3. Acting out addition and subtraction stories can help the very young child understand the concepts of taking away and adding more. Your family members can act out stories where three were playing and one more joined them. How many people are playing now? How did we figure this out? You can also use toys to act out addition and subtraction stories!
4. Listening for sounds in words can help your very young child get ready to read and write in kindergarten. Pointing out words that rhyme, reading rhyming stories, and singing songs with rhyming words can get your child started with listening to sounds. Once she can find rhymes, you can point out word parts, or syllables. Apple–did you hear how that word has two parts? ap–ple. Hey what would happen if we took off the “mail” part of “mailbox?” What would be left? Just “box!” Right! For older kindergartners, you can point out individual sounds in words. Cat has three sounds. c….a….t (not letters, sounds). Can you write the letters that make those sounds? c…a…t. What sounds do you hear in log?
5. Reading to your child is good for EVERYTHING. When you think you’ve read enough books for one day, read some more. Your child will hear sounds, words, and phrases that will strengthen their vocabulary, comprehension, and even their awareness of sounds in words! Your child will learn to love books and reading, and when the time comes for them to take a book in hand to read on their own, they will be ready to take off!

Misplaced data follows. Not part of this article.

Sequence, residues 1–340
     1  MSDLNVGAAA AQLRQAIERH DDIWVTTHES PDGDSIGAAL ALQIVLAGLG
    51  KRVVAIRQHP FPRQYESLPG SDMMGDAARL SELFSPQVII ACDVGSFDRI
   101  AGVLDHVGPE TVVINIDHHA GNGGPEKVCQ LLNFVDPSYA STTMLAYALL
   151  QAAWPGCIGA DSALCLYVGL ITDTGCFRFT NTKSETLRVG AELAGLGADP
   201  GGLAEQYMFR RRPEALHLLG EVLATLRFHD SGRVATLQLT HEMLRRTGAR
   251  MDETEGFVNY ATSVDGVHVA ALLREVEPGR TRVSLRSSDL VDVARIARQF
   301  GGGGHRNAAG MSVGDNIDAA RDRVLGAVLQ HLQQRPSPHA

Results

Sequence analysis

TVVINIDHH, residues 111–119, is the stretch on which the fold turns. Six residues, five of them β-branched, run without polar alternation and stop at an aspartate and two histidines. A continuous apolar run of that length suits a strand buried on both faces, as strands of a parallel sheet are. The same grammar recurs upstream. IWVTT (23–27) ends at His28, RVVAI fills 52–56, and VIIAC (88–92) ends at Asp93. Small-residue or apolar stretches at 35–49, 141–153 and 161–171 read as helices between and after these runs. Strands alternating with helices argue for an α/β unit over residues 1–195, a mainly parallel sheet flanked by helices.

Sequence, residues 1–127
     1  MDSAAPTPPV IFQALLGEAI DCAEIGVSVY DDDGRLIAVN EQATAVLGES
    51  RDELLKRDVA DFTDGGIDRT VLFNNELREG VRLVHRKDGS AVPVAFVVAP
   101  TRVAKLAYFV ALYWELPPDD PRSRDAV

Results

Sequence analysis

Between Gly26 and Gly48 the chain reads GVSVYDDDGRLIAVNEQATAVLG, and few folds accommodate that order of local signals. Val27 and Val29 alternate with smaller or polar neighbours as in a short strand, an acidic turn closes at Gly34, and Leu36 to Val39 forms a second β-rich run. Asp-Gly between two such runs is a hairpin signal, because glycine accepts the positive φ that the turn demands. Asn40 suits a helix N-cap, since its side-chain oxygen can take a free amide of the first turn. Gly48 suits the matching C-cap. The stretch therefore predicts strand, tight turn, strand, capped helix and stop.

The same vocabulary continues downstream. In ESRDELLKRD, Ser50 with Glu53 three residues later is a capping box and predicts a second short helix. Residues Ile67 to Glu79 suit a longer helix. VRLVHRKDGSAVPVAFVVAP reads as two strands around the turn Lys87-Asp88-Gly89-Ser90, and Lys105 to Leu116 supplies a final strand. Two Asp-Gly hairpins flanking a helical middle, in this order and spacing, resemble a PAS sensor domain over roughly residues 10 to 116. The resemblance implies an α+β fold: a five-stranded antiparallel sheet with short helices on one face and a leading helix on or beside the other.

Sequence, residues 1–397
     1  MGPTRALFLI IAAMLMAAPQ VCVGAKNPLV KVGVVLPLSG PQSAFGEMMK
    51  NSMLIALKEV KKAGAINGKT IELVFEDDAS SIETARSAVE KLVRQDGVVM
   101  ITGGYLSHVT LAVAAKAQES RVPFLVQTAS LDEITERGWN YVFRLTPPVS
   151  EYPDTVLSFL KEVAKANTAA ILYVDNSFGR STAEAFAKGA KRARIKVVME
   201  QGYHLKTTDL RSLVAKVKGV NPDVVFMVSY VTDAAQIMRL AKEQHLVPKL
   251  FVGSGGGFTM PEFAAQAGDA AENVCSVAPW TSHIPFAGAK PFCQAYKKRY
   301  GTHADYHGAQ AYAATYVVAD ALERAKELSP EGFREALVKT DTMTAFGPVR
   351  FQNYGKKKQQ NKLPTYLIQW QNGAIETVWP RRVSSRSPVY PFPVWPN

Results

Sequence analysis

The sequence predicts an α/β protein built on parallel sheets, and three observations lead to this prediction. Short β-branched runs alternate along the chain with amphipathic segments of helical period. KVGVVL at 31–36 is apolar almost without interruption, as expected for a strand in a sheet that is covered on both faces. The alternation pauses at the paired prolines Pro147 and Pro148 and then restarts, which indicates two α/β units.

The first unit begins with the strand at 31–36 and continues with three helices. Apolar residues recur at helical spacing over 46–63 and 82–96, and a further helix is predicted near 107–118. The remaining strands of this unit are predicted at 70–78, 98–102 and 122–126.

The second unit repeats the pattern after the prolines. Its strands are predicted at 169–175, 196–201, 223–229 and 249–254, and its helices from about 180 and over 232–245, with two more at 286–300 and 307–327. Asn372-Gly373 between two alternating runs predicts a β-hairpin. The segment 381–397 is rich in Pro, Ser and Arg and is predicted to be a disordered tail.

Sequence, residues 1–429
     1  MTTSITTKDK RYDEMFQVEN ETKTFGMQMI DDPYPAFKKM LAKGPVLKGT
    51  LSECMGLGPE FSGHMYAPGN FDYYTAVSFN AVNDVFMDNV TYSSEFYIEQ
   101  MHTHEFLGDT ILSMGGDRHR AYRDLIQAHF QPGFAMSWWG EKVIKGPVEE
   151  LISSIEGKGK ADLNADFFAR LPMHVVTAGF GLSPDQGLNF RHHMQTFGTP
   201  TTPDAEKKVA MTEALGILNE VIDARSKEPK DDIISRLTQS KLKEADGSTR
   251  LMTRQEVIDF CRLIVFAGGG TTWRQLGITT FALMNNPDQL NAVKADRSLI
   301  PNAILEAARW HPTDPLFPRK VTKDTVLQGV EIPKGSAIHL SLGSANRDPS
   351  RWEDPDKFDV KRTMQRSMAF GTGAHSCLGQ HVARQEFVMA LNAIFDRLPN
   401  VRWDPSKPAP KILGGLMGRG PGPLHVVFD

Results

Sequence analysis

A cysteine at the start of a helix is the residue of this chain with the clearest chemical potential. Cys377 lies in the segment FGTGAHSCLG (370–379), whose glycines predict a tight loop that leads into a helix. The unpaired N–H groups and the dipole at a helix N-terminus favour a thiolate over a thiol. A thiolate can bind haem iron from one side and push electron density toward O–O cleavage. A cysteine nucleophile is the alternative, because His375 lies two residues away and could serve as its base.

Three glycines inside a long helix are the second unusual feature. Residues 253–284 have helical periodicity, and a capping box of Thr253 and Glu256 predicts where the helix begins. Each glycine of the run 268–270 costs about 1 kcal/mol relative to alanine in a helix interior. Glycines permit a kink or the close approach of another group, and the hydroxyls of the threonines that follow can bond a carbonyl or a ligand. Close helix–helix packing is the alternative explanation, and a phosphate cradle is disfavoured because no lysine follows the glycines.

6. Playing with your child can encompass 1-5 with little to no effort. While you are playing “restaurant” with your child, she can count utensils and you can point out words that rhyme with plate. 🙂 She can write a “list” of favorite foods, whether the list looks like scribbling, has some legible letters, or was copied from things in your own pantry. Her hand muscles got stronger in the play, and she wrote something that had meaning to her, in turn, showing her that words have meaning. With the extra time we have at home right now, using some of that time to play with your child just might get them ready for the next year ahead! And, it’s fun, too! 🙂
7. Working on self-help skills is always a bonus to your child that lasts through the years past kindergarten. Buttoning buttons, zipping zippers, tying shoes, and knowing how to pronounce their full name can help a child in innumerable ways.
These activities may not be sent home next week via the internet or a work packet. You may be thinking, “I already do this stuff!” If so, good for you! Keep it up and do the packet and don’t worry about next year. If you’re not doing these things and you are concerned about your child’s learning and growth towards the next school year, you could try adding these routines in your everyday life until they come naturally to both you and your child. Above all, any extra time you spend with your child is time well-spent that will benefit them in many ways!